Agriculture and Nutrition Development Worker
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As an Agriculture and Nutrition Development Worker you will be assigned to a farmers’ training center located in a small town ranging from 500-2,000 inhabitants. Assisting local partners, you will work directly with smallholder farming families to increase the availability of diverse and nutritious foods.
To do this, you might undertake any of the following tasks:
• Organizing technical trainings on: home gardens, building chicken coops, management of stock, building transitional bee hives, bee colony management, and food diversification
• Building demonstration gardens using bio-intensive gardening techniques, including: composting, fencing, water management, plant nursery, bed construction, and organic soil amendments
• Constructing poultry demonstrations promoting improvements in nutrition, sanitation, and management of stock
• Establishing beehive demonstrations promoting best practices for maintaining sustainable bee colonies
• Organizing and delivering nutrition lessons paired with cooking demonstrations, using locally available and affordable foods, including the home garden produce, poultry, and honey
• Facilitating agriculture club at local schools and/or creating school gardens
To do this, you will spend a substantial amount of time in the field working directly with farmers. In the early stages of your service, you may work directly with a local Development Agent one or more days a week at their office and in the field. Later, as you become more comfortable in your community and your language skills improve, you will spend the majority of your time in the field with the farming families. This is a hands-on assignment where you will be working directly with at least five farming families to help them establish and/or improve diverse garden production, adopt new or improved small animal husbandry practices, and increase consumption of more diverse and nutritious foods.
Along with your primary work assignment, you are encouraged to be involved with school clubs, youth camps, sports, and other extracurricular activities that are of interest to both you and your community.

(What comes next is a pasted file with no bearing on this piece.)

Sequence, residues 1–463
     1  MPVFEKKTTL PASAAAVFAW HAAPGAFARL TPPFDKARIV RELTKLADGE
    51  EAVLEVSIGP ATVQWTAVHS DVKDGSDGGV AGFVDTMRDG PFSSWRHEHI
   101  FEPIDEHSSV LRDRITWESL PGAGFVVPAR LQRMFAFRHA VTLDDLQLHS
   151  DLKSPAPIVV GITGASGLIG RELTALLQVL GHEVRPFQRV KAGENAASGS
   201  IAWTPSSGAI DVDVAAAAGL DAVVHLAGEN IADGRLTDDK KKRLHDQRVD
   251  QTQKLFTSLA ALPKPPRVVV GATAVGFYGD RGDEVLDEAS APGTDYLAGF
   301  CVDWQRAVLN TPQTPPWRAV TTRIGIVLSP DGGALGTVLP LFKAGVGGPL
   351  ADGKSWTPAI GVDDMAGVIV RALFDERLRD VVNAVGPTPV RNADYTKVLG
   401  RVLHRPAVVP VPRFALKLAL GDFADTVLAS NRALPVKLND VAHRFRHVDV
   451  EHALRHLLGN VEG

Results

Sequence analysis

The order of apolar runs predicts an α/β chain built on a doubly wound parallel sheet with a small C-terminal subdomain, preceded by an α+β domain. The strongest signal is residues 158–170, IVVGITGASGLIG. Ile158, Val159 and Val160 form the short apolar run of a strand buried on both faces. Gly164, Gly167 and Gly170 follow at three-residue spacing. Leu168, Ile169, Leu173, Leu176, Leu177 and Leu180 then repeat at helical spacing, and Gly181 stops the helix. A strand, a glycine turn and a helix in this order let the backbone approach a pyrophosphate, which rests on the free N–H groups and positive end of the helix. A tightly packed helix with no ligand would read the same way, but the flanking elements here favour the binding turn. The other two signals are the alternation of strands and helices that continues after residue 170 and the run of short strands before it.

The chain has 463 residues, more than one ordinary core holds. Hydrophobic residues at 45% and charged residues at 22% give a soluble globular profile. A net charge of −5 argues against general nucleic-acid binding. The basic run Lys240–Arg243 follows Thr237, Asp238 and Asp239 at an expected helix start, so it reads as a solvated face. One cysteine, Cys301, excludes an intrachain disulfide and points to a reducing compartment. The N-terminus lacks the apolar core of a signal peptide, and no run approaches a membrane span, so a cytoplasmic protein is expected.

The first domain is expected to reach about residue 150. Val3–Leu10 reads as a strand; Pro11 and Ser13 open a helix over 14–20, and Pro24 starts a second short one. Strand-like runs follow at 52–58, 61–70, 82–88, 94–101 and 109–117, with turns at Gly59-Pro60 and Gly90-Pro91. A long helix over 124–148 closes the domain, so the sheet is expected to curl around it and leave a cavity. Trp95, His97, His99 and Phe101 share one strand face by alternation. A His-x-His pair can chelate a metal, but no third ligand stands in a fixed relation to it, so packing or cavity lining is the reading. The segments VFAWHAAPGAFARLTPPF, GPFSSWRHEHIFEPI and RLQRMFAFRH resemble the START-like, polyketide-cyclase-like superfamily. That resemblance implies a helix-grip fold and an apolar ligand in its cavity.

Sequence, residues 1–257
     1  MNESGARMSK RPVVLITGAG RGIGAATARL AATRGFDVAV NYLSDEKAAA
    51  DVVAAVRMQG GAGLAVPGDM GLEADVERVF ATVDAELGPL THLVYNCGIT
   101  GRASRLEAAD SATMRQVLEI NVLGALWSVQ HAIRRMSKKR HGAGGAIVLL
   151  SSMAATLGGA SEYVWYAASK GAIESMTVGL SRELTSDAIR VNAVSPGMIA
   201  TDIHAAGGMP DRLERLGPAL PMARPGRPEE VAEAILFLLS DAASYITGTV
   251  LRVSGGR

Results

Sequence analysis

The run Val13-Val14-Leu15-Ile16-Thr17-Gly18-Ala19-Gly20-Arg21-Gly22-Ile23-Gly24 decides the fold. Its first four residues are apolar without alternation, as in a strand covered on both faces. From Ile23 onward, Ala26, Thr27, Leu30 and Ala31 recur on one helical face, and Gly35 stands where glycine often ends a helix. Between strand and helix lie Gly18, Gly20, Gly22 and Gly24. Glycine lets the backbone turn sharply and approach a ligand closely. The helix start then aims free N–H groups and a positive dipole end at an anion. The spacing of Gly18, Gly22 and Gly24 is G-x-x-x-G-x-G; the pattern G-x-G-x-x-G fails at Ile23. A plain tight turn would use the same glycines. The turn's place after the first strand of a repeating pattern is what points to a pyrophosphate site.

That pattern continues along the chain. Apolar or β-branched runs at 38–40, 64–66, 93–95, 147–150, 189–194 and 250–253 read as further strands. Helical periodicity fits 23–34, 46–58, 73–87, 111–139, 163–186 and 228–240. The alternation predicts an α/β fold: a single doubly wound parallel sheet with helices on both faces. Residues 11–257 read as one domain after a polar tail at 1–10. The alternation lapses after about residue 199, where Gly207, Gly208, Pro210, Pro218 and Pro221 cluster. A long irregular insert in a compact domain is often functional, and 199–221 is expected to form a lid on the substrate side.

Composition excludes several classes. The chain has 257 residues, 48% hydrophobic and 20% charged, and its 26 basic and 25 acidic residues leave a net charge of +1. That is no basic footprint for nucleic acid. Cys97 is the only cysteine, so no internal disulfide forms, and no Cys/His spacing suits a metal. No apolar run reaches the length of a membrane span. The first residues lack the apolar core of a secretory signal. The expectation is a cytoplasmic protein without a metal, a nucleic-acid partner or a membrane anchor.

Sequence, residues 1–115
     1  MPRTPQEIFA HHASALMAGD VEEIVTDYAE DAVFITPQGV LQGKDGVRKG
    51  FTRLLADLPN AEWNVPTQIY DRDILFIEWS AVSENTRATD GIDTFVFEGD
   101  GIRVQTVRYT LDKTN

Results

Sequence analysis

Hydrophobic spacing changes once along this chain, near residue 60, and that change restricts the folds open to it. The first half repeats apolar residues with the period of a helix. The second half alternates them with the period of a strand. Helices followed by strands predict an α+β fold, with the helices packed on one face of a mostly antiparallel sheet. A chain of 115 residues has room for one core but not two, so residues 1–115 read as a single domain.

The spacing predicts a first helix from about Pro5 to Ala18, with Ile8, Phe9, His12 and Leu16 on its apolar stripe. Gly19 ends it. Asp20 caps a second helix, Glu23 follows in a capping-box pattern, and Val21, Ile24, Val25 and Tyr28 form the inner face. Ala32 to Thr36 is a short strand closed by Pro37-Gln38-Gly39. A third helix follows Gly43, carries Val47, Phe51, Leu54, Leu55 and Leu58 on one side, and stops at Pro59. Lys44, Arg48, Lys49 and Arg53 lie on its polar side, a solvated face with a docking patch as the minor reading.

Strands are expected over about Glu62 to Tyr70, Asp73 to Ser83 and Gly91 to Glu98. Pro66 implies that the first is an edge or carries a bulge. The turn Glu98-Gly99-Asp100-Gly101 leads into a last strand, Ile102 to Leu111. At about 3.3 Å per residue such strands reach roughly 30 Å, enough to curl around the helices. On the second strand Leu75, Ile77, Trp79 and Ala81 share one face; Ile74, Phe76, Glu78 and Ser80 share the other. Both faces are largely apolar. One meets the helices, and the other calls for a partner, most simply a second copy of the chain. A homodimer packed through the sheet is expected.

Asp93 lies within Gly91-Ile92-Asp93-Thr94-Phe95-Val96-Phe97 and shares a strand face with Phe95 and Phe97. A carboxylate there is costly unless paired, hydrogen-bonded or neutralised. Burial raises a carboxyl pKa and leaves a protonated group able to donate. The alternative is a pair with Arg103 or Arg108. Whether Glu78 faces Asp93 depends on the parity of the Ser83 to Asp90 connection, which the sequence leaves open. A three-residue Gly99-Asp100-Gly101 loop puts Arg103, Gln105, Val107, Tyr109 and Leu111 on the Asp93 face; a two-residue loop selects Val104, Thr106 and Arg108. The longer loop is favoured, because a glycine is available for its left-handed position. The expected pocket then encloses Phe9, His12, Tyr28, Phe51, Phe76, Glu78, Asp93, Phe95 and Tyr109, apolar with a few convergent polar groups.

In addition, Peace Corps Ethiopia prioritizes gender awareness, girls’ education and empowerment. During your service, you are highly encouraged to work with community members to promote gender-equitable norms and increase girls’ sense of agency in all your activities, as contextually appropriate.
You will learn all the skills and knowledge you need to accomplish these tasks during Pre-Service Training (PST). This is a 12-week-long intensive training period where you will live with a local family and be trained on technical, cross-cultural, language, medical, and safety and security aspects within the rural Ethiopian context. Once you have demonstrated your proficiency in these areas, you will be sworn in as a Peace Corps Volunteer.
Serving in Ethiopia’s Nutrition Sensitive Agriculture project is the quintessential Peace Corps experience and
an excellent opportunity for you to gain hands-on experience in a variety of areas including community organizing, leadership, inter-cultural communication, problem solving, behavior change, food security and international development. Using the skills you have, and the ones you develop in country, you can have a significant impact on your community.
• Bachelor of Arts/Bachelor of Science degree in any field
• 5 years' professional work experience
• A high level of comfort working outdoors; AND,
• Experience in small income generation activities; OR,
• Experience in large scale or family-run organic vegetable gardening; OR,
• Experience in poultry rearing or beekeeping; OR,
• Comfort working with bees and chickens; OR,
• Knowledge of basic family nutrition; OR,
• Experience in facilitating trainings
Our most competitive candidates will have one or more of the following criteria:
• Bachelor of Science degree or Associate degree in agronomy, horticulture, animal husbandry or other related field
• At least 3 years full-time farm experience
Required Language Skills